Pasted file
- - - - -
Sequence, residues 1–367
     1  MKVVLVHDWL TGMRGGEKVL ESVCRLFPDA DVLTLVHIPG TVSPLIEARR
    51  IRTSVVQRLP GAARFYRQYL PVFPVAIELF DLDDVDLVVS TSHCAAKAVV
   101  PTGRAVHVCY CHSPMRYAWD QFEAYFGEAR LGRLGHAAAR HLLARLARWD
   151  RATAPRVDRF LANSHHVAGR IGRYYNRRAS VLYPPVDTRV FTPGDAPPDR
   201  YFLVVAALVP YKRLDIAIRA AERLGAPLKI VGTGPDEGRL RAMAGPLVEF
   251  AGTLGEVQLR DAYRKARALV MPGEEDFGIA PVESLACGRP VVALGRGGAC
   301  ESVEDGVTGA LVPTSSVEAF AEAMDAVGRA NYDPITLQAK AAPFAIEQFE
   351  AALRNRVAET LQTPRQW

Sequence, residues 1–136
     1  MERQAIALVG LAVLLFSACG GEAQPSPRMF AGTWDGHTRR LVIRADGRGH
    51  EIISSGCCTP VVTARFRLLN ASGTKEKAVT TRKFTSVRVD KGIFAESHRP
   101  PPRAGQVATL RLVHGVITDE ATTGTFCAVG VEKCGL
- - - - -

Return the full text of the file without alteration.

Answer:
Sequence, residues 1–367
     1  MKVVLVHDWL TGMRGGEKVL ESVCRLFPDA DVLTLVHIPG TVSPLIEARR
    51  IRTSVVQRLP GAARFYRQYL PVFPVAIELF DLDDVDLVVS TSHCAAKAVV
   101  PTGRAVHVCY CHSPMRYAWD QFEAYFGEAR LGRLGHAAAR HLLARLARWD
   151  RATAPRVDRF LANSHHVAGR IGRYYNRRAS VLYPPVDTRV FTPGDAPPDR
   201  YFLVVAALVP YKRLDIAIRA AERLGAPLKI VGTGPDEGRL RAMAGPLVEF
   251  AGTLGEVQLR DAYRKARALV MPGEEDFGIA PVESLACGRP VVALGRGGAC
   301  ESVEDGVTGA LVPTSSVEAF AEAMDAVGRA NYDPITLQAK AAPFAIEQFE
   351  AALRNRVAET LQTPRQW

Sequence, residues 1–136
     1  MERQAIALVG LAVLLFSACG GEAQPSPRMF AGTWDGHTRR LVIRADGRGH
    51  EIISSGCCTP VVTARFRLLN ASGTKEKAVT TRKFTSVRVD KGIFAESHRP
   101  PPRAGQVATL RLVHGVITDE ATTGTFCAVG VEKCGL